OCR Interpretation

Evening star. [volume] (Washington, D.C.) 1854-1972, April 16, 1947, Image 11

Image and text provided by Library of Congress, Washington, DC

Persistent link: https://chroniclingamerica.loc.gov/lccn/sn83045462/1947-04-16/ed-1/seq-11/

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has her
Hfcxo is America at play... as painted b)
John Falter. You’ll see this dramatic painting
in all its magnificent color on the cover of
today’s Saturday Evening Post
Each Wednesday the nation’s outstanding
artists capture the "feel” of this great land of
ours and set it down for the readers of the Post.
These artists are ever alert to catch the scene,
the expression, the mood that will make you
say, "Yes, this is America!”—be it an ancient
stemwheeler pushing along the Ohio River, an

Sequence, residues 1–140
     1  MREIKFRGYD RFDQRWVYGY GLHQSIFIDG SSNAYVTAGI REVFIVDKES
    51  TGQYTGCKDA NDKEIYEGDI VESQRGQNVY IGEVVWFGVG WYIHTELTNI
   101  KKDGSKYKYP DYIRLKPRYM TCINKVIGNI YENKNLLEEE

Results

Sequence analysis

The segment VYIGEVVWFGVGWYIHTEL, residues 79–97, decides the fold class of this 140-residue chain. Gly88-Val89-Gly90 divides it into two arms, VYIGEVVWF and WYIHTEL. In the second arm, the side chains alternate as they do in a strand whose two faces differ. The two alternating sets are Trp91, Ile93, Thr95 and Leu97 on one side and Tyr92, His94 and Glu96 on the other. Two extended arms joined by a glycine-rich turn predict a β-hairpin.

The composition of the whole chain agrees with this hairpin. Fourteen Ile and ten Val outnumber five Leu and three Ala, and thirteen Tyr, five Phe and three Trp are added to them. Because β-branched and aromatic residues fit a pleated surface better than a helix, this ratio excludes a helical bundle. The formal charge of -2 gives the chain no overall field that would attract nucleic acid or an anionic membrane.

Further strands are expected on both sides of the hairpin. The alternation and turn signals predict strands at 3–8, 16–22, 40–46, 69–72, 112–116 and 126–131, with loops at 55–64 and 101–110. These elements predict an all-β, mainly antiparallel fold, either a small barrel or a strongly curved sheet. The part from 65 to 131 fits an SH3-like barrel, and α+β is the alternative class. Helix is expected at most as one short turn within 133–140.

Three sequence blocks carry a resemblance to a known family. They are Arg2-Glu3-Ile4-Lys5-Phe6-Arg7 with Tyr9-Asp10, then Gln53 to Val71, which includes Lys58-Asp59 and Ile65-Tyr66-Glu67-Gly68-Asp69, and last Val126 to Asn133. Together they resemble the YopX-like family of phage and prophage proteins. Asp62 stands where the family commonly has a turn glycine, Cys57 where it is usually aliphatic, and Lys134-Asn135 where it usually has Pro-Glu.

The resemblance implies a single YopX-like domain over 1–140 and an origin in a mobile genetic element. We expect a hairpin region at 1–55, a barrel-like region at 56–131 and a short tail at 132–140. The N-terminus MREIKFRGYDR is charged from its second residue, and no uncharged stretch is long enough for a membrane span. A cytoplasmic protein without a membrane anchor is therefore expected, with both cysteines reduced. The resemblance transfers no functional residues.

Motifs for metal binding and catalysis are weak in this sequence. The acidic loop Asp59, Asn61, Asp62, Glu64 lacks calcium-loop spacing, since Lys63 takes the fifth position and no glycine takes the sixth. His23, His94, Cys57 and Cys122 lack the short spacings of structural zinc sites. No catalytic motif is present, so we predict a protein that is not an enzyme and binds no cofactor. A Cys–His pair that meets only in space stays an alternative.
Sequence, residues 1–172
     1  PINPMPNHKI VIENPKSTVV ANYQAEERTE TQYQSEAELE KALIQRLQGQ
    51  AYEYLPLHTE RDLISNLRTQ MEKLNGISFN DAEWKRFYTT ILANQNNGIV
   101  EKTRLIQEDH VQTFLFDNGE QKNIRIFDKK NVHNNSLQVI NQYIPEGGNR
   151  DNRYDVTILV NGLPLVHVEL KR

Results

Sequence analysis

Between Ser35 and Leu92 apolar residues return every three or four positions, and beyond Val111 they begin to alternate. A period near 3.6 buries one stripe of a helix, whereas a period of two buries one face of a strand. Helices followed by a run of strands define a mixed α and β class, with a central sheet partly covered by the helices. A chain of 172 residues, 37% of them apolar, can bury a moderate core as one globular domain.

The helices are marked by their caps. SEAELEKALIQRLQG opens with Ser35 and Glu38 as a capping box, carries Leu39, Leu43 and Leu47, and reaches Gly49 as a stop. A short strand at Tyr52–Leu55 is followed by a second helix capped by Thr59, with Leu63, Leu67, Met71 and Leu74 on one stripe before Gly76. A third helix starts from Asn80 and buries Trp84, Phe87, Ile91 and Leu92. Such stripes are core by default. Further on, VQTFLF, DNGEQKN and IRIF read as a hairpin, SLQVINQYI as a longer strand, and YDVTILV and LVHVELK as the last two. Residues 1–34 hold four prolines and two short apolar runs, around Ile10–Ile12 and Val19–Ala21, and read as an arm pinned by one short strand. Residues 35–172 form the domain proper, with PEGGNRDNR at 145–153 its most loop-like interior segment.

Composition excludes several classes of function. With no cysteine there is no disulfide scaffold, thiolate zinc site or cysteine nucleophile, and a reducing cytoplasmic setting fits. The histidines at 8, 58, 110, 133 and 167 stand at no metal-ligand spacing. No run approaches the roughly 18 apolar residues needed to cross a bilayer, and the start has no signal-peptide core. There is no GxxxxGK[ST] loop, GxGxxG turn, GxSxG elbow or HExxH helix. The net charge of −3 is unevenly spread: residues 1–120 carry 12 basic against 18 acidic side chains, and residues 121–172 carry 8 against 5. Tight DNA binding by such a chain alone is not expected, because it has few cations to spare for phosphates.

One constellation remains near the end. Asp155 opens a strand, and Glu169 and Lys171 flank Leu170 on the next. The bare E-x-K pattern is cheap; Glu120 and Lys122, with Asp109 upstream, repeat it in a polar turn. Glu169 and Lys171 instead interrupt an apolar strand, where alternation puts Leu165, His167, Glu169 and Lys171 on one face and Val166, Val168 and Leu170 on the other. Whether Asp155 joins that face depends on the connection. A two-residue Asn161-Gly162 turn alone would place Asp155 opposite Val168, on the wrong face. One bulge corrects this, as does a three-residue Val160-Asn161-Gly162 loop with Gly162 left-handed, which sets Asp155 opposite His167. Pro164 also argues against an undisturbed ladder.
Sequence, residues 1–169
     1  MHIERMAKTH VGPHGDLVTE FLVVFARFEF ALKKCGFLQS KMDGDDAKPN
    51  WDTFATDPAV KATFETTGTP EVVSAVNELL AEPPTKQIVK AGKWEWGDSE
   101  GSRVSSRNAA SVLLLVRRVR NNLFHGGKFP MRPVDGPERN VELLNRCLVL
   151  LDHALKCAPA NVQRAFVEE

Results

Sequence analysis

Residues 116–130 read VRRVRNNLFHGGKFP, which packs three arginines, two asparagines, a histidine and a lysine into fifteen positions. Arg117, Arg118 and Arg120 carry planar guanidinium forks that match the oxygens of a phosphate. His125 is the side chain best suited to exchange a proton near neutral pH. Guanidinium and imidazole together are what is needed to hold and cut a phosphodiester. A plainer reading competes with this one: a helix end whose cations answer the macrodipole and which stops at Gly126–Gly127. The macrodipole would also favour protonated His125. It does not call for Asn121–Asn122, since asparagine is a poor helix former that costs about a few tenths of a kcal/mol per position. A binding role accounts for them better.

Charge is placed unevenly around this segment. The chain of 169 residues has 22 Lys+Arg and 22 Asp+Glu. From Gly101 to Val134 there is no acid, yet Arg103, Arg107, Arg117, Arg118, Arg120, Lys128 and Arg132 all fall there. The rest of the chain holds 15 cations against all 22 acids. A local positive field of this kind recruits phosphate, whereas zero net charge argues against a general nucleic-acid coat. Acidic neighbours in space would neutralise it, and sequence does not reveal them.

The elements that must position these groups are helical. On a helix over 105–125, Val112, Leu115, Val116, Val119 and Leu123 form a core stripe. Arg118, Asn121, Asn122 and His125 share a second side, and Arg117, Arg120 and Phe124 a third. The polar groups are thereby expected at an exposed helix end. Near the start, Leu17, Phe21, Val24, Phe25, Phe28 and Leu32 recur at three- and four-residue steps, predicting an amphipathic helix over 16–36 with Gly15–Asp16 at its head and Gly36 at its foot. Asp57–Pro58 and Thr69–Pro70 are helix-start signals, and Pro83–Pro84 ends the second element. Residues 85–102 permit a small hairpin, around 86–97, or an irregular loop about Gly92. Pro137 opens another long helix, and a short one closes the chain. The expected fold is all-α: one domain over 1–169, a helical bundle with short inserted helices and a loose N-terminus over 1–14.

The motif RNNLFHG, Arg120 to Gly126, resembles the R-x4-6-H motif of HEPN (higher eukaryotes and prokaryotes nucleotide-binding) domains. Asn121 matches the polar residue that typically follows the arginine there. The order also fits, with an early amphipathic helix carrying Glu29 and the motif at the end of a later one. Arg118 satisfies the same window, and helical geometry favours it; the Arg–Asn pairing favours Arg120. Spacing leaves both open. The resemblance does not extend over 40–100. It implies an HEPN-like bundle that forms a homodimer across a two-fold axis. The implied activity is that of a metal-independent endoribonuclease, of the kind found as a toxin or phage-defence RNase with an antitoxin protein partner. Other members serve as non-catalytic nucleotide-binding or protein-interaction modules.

Arizona cowboy hanging out his underwear to
dry, or the vivid, roaring America of a night
baseball game. ,
Each week’s cover is but part of an ever
changing scene. Falter is now wandering
through the Southwest storing away impres
sions in his sketchbook for future Post covers.
Stevan Dohanos (who painted the sleeping sign
painter you saw last week) is at work in the
East. John Atherton scouted the Middle
West Mead Schaeffer has just returned from
the deep South and the Panhandle country.
And, of course, the beloved Norman Rock
well continues to portray the soul of America
in his own incomparable way.
In weeks to come, Post covers will bring you #
the charm of a small-town movie house in
Texas, the quiet beauty of Wisconsin’s lush
dairy land, the glorious confusion of New York’s
Grand Central Terminal as the kids go off to
camp—all facets of our vast, pulsating nation.
For the covers of the Post are more than
pretty pictures of events and places in America.
They are America—her beauty, her humor,
her gusto, and, at times, her pathos.

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